Combustible Celluloid
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With: Dwayne Johnson, Sarah Michelle Gellar, Curtis Armstrong, Nora Dunn, Janeane Garofalo, Christopher Lambert, John Larroquette, Bai Ling, Jon Lovitz, Mandy Moore, Cheri Oteri, Miranda Richardson, Will Sasso, Seann William Scott, Wallace Shawn, Kevin Smith, Justin Timberlake, Carlos Amezcua, Robert Benz, Todd Berger, Joe Campana, Chris Andrew Ciulla, Rebekah Del Rio, Aaron Dillar, Shari Dunn, Michele Durrett, Jon Falcone, Leila Feinstein, Jaret Gardiner, Beth Grant, Wood Harris, Shannon Holmes, Katherine Kendall, Jinah Kim, Gianna Luchini, Abbey McBride, Mike Nielsen, Holmes Osborne, Amy Poehler, Lou Taylor Pucci, Jill Ritchie, Kevin Robertson, Zelda Rubinstein, Sab Shimono, Phil Sternberg, Lisa K. Wyatt
Written by: Richard Kelly
Directed by: Richard Kelly
MPAA Rating: R for language, violence, sexual material and some drug content
Running Time: 144
Date: 05/21/2006

Southland Tales (2007)

3 Stars (out of 4)

'South' Specific

By Jeffrey M. Anderson

After a disastrous screening at Cannes (of an unfinished print), Richard Kelly's bruised and battered follow-up to his cult classic Donnie Darko (2001) sat shelved for over a year. It finally emerges this week into theaters. Southland Tales resembles nothing less than a vintage Godard, with a brainstorm full of ideas roiling and lurching and looking for purchase.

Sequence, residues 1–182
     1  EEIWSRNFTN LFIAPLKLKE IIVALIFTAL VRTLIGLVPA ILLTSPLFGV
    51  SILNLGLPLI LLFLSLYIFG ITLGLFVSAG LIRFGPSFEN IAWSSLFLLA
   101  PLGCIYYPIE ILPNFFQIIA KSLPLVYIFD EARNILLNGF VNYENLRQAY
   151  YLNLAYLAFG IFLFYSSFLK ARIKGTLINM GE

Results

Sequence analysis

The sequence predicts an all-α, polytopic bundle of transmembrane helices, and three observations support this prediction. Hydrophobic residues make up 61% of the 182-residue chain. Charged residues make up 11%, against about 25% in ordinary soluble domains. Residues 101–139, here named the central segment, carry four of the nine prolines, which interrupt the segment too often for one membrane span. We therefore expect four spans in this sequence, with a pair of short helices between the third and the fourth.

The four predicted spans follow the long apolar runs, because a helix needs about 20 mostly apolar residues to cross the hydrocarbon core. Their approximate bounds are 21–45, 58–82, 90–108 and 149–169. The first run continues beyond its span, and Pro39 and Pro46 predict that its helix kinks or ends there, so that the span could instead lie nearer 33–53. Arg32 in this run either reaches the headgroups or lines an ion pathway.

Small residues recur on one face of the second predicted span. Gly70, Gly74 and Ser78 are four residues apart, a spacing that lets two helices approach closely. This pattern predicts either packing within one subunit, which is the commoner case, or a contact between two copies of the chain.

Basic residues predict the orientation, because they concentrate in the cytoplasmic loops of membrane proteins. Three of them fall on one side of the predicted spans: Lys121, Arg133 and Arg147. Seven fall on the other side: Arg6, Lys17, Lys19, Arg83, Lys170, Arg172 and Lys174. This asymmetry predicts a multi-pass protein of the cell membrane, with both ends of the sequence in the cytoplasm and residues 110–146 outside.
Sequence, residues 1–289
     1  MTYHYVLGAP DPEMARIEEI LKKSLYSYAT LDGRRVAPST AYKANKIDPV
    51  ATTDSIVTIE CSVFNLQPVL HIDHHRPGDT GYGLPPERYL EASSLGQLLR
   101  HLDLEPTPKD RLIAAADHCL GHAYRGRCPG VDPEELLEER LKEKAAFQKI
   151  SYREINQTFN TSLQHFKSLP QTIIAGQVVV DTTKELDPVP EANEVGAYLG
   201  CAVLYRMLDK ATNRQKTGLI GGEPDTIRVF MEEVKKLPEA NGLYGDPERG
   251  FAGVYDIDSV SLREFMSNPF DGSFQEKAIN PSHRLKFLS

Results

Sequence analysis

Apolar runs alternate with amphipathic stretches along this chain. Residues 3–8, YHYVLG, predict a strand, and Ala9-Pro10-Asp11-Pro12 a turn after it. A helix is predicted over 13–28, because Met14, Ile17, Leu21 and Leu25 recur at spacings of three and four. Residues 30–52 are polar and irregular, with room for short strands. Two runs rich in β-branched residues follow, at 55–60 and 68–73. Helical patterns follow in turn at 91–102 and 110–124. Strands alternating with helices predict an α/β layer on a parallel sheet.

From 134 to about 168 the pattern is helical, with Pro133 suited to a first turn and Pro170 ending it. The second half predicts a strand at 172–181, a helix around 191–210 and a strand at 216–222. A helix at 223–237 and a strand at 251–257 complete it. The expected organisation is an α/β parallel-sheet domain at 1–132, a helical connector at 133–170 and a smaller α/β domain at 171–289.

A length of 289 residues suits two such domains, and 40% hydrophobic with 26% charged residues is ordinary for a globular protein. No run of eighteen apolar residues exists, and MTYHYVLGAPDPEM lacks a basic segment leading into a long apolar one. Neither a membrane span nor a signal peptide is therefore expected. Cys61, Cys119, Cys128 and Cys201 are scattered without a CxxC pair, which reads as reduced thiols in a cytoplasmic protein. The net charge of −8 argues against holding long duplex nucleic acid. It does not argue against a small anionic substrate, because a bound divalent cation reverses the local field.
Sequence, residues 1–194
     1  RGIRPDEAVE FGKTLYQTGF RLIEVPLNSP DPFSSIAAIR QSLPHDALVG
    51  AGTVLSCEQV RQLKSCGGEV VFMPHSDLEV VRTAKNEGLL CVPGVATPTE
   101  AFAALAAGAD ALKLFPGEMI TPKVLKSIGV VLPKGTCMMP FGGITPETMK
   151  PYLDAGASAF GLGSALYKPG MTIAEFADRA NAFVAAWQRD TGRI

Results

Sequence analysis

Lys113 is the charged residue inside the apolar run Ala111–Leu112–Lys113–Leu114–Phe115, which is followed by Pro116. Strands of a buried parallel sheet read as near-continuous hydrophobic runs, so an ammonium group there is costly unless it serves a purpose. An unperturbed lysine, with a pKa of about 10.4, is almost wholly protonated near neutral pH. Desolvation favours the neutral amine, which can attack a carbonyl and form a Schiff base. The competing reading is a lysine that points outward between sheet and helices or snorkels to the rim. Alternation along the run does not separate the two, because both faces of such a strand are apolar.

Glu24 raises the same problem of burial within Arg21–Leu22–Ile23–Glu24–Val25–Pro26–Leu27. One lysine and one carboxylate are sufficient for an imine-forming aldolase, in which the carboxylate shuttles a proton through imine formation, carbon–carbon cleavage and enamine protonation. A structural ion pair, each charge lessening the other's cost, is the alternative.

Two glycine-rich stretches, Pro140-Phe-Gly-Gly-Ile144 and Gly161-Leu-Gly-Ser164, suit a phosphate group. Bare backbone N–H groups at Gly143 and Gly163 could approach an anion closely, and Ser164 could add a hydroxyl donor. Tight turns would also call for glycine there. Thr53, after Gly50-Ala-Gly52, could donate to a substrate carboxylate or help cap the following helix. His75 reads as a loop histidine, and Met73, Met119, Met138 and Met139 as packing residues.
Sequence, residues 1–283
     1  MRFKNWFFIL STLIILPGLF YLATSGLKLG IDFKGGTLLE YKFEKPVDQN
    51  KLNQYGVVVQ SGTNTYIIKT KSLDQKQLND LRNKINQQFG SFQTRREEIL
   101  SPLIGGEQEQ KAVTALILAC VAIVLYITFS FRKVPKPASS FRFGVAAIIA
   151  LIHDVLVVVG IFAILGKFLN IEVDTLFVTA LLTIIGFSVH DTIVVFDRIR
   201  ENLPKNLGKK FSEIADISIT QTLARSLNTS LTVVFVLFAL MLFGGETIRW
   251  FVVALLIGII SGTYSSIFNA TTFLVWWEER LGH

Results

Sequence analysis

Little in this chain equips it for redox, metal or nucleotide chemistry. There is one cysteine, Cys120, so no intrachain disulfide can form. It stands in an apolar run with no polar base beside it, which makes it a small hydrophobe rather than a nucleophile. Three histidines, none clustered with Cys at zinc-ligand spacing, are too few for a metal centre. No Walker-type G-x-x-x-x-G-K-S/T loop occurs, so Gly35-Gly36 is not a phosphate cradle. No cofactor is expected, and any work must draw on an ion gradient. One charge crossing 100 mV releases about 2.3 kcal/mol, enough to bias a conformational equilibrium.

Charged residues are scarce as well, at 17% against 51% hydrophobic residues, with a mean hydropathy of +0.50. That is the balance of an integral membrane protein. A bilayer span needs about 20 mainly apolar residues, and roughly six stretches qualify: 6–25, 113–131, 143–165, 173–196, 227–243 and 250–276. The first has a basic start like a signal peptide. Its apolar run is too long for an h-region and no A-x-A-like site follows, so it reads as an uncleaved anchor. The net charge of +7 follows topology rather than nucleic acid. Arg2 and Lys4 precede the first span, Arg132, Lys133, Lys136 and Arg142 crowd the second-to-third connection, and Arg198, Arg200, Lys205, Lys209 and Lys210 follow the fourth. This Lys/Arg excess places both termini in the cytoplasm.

It would be futile to describe the plot, but it takes place in the future, after terrorists drop a nuclear bomb on Texas. The conservatives in power set up an unprecedented series of surveillance, and radical, left-wing underground groups set out to unseat their leaders. It also has something to do with a wormhole in the time/space continuum and doppelgangers. Characters seem to have different motivations or alliances depending on which scene they're in. But damned if it isn't fascinating and often funny.

Dwayne Johnson (formerly "The Rock") plays Boxer Santaros, a movie star with amnesia who -- I think -- is the key to the whole magilla. When he gets nervous, he twitches his fingers like Stan Laurel, which can be alternately hilarious or annoying. Boxer has co-written a script with a porn star, Krysta Now (Sarah Michelle Gellar), that foretells the coming apocalypse (I think).

For some reason, lots of former "Saturday Night Live" stars turn up, as well as familiar faces from 1980s cult films. Seann William Scott plays two roles, Bai Ling slinks around and smokes a lot and Wallace Shawn has a funny hairstyle. There's a kind of musical sequence, lots of computer graphics and a giant toilet.

I chose to watch it like I would watch one of Godard's stranger films, like Weekend, just taking one small concept at a time, and forgetting the big picture (if there is one). At minimum, I've got to give it some credit for trying to juggle several ideas, when most movies don't have any.

Sony's 2008 DVD release is fairly low-key, with no commentary track, but an above average making-of featurette, "USIDent TV: Surveilling the Southland." The only other featurette is a cartoon, the very preachy, low-tech This Is the Way the World Ends. I wonder if this bizarre movie will pick up a cult following?

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